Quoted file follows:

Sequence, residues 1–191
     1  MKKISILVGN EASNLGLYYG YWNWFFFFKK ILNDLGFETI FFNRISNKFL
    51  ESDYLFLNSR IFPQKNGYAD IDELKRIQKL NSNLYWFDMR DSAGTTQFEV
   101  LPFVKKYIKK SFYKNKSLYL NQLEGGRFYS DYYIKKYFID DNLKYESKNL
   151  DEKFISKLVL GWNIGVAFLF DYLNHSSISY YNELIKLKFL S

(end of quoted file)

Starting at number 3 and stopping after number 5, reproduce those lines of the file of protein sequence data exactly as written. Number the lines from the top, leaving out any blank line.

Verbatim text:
    51  ESDYLFLNSR IFPQKNGYAD IDELKRIQKL NSNLYWFDMR DSAGTTQFEV
   101  LPFVKKYIKK SFYKNKSLYL NQLEGGRFYS DYYIKKYFID DNLKYESKNL
   151  DEKFISKLVL GWNIGVAFLF DYLNHSSISY YNELIKLKFL S